Learn how Simon Property Group and American Tower work together on DAS for in-building wireless
As the fourth largest city in the country with a base population of 2.1 million people, along with attracting significant business and leisure travel, Houston, Texas, has a well-developed heterogeneous network environment.
During the recent HetNet Expo, a panel discussion highlighted the host city of Houston, including how a major real estate firm is working with wireless infrastructure owner/operator American Tower, which has about 1,000 marketable assets in the Houston area, including at the Houston Galleria.
Simon Property Group owns and operates the Houston Galleria, which accounts for about 2.4 million-square-feet of the REIT’s 185 million-square feet of gross leasable area across 210 properties.
Paula Ramey, Simon’s director of field technology operations, says wireless infrastructure plays a big role in supporting the company’s goal of creating destination shopping venues.
“The thing that we’ve been challenged with, obviously, over the years with the increase in technology customers carry around around on a regular basis, is how do we make sure they’re fully connected when they visit our properties?” she said. “The combination of both 4G LTE, cellular and Wi-Fi is a very important amenity to us for our customers. We’re also in a situation where it’s also become a business delivery vehicle for us.”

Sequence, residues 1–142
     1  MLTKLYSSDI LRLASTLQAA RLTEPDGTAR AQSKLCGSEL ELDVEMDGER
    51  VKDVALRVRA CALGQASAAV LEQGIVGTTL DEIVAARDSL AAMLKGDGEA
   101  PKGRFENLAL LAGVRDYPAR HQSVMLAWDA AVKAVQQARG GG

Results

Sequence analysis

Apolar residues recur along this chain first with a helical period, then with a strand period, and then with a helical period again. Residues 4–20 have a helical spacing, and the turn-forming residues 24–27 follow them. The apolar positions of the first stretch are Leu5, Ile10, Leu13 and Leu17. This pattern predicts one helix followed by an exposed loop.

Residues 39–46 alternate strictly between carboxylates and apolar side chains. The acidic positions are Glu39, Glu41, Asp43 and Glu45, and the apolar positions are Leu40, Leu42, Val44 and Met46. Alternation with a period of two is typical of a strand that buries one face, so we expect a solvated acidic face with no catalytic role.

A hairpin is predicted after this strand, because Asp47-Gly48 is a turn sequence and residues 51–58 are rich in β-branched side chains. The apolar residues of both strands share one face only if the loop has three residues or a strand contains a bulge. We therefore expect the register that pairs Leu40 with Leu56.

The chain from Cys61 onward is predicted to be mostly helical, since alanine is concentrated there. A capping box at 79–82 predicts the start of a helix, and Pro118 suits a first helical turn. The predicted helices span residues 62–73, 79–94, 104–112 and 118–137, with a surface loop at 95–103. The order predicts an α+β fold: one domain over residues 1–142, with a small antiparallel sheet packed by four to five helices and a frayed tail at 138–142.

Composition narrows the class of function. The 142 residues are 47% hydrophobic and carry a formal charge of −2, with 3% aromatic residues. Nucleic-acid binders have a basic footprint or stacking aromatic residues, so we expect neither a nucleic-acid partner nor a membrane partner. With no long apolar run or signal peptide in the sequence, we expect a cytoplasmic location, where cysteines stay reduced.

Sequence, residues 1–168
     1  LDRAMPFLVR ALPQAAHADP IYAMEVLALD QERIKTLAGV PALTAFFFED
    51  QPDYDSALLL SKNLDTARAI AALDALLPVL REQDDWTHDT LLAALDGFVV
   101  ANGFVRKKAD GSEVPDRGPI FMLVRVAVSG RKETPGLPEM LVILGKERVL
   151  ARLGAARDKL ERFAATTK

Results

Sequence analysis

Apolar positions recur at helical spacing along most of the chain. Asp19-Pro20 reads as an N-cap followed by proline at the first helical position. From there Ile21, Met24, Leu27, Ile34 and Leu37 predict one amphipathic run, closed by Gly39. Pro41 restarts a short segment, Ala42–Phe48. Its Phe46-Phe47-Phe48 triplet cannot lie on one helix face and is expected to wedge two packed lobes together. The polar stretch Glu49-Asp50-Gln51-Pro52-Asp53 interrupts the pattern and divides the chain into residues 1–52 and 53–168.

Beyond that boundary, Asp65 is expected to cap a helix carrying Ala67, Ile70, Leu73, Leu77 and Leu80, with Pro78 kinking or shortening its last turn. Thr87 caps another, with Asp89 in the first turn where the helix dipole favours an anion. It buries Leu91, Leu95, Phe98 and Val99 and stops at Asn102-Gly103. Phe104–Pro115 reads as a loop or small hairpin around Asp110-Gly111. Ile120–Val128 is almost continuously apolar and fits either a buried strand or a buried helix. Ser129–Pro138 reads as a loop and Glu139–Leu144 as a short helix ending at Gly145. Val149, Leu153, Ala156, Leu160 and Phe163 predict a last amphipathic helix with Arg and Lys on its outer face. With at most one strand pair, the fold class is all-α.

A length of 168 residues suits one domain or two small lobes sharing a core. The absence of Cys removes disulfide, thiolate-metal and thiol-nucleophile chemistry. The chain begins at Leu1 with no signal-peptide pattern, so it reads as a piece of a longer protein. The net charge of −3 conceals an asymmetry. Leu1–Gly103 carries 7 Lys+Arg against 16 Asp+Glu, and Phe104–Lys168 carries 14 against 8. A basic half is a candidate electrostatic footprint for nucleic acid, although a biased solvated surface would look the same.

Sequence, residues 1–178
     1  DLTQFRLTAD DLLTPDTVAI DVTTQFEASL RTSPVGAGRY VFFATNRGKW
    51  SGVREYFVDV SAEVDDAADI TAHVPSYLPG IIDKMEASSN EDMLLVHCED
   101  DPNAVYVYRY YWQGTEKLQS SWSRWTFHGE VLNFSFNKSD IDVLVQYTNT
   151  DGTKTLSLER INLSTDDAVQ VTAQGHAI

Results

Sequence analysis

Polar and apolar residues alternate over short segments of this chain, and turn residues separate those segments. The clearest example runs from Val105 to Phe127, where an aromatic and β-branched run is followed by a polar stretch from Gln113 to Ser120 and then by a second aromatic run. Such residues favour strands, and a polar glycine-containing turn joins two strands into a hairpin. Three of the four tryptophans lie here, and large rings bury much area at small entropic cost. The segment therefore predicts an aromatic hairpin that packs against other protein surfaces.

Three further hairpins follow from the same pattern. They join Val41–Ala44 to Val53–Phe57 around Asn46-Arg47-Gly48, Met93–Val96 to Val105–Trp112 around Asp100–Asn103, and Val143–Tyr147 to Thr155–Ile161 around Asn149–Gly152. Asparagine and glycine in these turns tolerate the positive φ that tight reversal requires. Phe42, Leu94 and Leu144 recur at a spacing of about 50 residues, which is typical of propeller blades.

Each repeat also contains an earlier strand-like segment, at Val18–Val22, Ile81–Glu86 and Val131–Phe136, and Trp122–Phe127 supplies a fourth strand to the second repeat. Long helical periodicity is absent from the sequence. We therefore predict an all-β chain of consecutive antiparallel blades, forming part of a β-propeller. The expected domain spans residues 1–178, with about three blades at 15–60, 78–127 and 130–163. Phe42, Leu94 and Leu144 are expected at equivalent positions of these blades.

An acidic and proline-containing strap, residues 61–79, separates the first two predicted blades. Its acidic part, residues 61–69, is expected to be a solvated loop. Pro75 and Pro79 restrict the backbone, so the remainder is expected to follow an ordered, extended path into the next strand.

Specifically, Ramey explained that things like ATMs, stroller vending units and soda machines are connected over cellular because hard wiring would be “cost prohibitive and not very logical.”
Distributed antenna systems or rooftop antennas are deployed in some 100 of Simon Property Group’s 210 properties, she said, adding that many properties have neutral host DAS provided by American Tower. “It’s not something that I feel like the shopping center could be as successful without.”
For DAS deployments, neutral host is American Tower’s approach of choice, Director of Business Development Lisa Gascoigne said. The company has more than 1,000 buildings with indoor DAS deployments in its portfolio.
“Neutral host, generally, is our preferred model,” Gascoigne said during the panel. “We truly believe in the neutral host model. Shared electronics and shared passive infrastructure makes a lot of sense financially.”
She said the average number of carriers on a neutral host DAS is 2.3, adding that aesthetics are extremely important to venue owners. “We just can’t be putting multiple penetrations in ceilings as new carriers come on or as carriers increase the amount of frequencies they want to broadcast in. Neutral host really works well from an aesthetics perspective.”
Take a look at the full panel discussion here, and check out this playlist of videos from the 2016 HetNet Expo.